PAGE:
Weak demand from original equipment manufacturers to weigh on Apollo Tyres

The Apollo Tyres stock is down 14 per cent since the start of the month on worries of rising competitive pressures, slowing demand from automakers and lower-than-expected December quarter numbers.


Revenues in the quarter did not grow as anticipated due to volume growth, which failed to meet expectations both in domestic as well as international businesses. Margins, which were impacted by higher raw material costs, were down by 100 basis points to 11.2 per cent.


The key worry is weak demand from original equipment manufacturers (OEMs) or automakers, which account for 30 per cent of its sales. Given the slowing sales in the auto sector, the company rolled back price increases it had taken at the end of November 2018.


Analysts at CGSCIMB believe that high competitive intensity in truck radial tyres has led to price cuts.


They add that headwinds for its India operations will be pronounced in coming quarters given easing demand for automakers, slowing truck freight and aggressive pricing competition. Inventory levels, too, have increased by a week to five weeks given the sluggish order flows.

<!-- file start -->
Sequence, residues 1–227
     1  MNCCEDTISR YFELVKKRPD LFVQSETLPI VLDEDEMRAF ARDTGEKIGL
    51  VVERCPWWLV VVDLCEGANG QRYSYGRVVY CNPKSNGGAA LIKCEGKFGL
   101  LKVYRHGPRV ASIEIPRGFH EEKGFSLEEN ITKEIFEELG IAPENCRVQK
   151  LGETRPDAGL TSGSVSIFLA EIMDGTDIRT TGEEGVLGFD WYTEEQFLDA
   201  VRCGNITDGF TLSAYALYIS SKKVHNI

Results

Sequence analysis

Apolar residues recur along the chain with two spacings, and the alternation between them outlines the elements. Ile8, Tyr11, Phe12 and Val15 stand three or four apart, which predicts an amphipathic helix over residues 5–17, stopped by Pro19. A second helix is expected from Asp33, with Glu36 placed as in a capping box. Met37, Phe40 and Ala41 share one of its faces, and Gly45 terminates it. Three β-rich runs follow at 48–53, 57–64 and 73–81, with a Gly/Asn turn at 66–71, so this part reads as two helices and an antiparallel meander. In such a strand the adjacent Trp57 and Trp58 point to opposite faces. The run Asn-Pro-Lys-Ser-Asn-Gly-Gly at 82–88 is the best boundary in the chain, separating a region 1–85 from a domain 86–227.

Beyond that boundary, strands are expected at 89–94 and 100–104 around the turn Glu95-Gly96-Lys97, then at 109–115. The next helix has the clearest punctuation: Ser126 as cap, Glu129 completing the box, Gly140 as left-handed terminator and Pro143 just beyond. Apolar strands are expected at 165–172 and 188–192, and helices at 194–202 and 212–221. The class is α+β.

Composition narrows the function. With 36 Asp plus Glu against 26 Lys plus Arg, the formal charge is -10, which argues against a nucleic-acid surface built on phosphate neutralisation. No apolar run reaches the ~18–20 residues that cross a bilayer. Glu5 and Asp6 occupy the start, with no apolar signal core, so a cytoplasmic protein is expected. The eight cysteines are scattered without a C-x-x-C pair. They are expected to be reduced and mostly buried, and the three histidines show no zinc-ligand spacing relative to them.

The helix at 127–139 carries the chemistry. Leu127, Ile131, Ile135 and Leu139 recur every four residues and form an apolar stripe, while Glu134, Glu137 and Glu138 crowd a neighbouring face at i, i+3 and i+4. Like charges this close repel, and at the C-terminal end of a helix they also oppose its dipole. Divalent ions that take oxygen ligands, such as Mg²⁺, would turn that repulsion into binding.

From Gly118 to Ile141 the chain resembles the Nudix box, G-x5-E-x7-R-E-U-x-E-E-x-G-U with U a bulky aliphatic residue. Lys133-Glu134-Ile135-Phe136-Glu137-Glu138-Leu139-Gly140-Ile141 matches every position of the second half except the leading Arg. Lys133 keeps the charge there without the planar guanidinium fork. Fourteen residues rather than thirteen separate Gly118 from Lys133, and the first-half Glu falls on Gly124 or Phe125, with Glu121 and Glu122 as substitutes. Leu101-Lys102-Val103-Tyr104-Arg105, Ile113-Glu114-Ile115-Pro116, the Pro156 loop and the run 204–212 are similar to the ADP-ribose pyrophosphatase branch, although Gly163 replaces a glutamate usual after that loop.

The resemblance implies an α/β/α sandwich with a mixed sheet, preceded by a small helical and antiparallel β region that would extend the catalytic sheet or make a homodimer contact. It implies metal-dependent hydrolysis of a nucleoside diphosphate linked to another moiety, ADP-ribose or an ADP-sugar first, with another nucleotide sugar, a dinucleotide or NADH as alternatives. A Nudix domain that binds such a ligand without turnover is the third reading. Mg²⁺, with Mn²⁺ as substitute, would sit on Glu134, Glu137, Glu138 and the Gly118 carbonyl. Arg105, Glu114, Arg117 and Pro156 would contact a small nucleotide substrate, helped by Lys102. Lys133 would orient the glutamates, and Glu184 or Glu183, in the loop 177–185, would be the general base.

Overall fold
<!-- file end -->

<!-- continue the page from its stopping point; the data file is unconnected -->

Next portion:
While there are demand headwinds, the company will, however, benefit from falling raw material costs that had weighed on their December quarter financials. While most auto ancillary companies are facing the brunt of slowing auto sales, which is reflected in their stock prices, analysts believe that tyre companies are better off given that a substantial chunk of sales (60 per cent) comes from the replacement segment, which has steady demand, unlike the OEM segment.


Further, pricing power in this segment is better as compared to the OEM segment. Its European operations also posted strong revenue growth and the company gained market share in a seasonally strong quarter.


The company has maintained its double-digit growth guidance for the March quarter, as well for FY20.


While falling raw material costs are positive, given demand headwinds, investors should avoid exposure at current levels. Analysts have cut its earnings per share estimates for FY20 by 7 per cent in the view of higher capex and interest expense.

Business Standard is now on Telegram.
For insightful reports and views on business, markets, politics and other issues, subscribe to our official Telegram channel